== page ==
Surely you jest: April Fools’ Day jokes around the world

It’s said laughter is the best medicine, and it’s no surprise to see this edict is shared across dozens of cultures—otherwise why would April Fools’ Day be such a popular celebration across the world? Traditions vary by culture, but no matter where you travel, there’s something to tickle someone’s funny bone everywhere, including:

United Kingdom
It’s no surprise that from the land of Chaucer’s Canterbury Tales comes some of the most mirthful humor. In fact, his epic contains the first recorded association of playing tricks on one’s neighbors and friends on April 1. In Scotland and Ireland, the title “April Fools’” is a corruption of terms for birds, otherwise called “cuckoos,” and here the traditional prank is to deliver a sealed message requesting help. The person receiving it traditionally says he can only help if he contacts another person, and sends the sender to the next person, with the same result.

Norwegians, Icelanders and most other Scandinavian countries celebrate April 1 with at least one false news story, even taking up much of the front page of leading newspapers. One of the first published jokes in Iceland included a story about a flying bus to transport travelers from the capital, Reykjavik, to the town of Akranes. A false Norwegian news story once reported a 10% rebate on taxes if citizens refiled returns due to a technical error.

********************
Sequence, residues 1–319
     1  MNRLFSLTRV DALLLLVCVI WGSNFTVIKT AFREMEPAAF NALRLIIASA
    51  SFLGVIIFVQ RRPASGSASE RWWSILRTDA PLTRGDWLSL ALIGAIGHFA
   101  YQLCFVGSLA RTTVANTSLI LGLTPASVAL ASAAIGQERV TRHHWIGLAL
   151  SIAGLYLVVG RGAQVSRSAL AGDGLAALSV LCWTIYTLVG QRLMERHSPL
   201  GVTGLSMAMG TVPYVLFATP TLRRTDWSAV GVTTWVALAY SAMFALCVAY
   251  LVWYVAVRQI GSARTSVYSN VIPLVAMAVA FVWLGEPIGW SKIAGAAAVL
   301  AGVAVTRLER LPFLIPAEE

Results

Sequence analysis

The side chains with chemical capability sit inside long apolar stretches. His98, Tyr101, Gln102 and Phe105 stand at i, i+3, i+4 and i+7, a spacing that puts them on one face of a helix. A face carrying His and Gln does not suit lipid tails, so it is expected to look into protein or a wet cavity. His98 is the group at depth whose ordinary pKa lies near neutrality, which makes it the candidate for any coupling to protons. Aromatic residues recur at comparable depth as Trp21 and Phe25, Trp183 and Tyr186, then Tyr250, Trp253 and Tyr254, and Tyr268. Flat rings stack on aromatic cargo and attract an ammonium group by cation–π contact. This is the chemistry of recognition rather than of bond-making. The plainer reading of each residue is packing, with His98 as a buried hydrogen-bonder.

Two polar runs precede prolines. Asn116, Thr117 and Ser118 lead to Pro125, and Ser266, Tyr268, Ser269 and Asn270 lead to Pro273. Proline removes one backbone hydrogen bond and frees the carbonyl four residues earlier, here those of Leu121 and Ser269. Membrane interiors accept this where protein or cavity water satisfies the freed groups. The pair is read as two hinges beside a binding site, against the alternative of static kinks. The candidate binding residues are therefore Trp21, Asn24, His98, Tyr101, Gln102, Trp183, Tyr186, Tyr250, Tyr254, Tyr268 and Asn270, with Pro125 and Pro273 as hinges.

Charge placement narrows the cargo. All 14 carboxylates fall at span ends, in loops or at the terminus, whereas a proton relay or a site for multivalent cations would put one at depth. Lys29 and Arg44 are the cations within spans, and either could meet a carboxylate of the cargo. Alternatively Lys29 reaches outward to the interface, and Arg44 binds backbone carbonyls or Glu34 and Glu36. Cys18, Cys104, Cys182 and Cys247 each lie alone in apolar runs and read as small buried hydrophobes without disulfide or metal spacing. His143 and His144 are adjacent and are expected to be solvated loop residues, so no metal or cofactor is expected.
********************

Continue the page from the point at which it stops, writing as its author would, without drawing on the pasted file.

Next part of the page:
As a continent with strong colonial ties, it’s no surprise India celebrates April Fools’ Day traditions like its European counterparts, but other fantastical takeoffs now include Bollywood cinematic extravaganzas like the film “April Fool”; its protagonist comes from a wealthy family but is a slacker who likes to play practical jokes, which leads to him meeting his love interest. Its title song is often played on the radio on April 1.

Celebrated on the final days before Lent begins, Portugal does April Fools’ like any other European country… except for one caveat. In addition to the usual playful pranks, it is an April 1 custom to throw flour at one another.

France & beyond
In Belgium, France, the Netherlands and Italy, April 1 is traditionally known as “April fish,” which includes attempts to attach paper fish to people’s backs without the person attaching them being noticed. Many French postcards from the 19th and 20th centuries include references to this tradition. Like Scandinavia, newspapers also often feature false holiday stories. While it is unclear why fish became synonymous with April Fools’ in this region, one common theory is the correlation to the date’s zodiac sign, Pisces.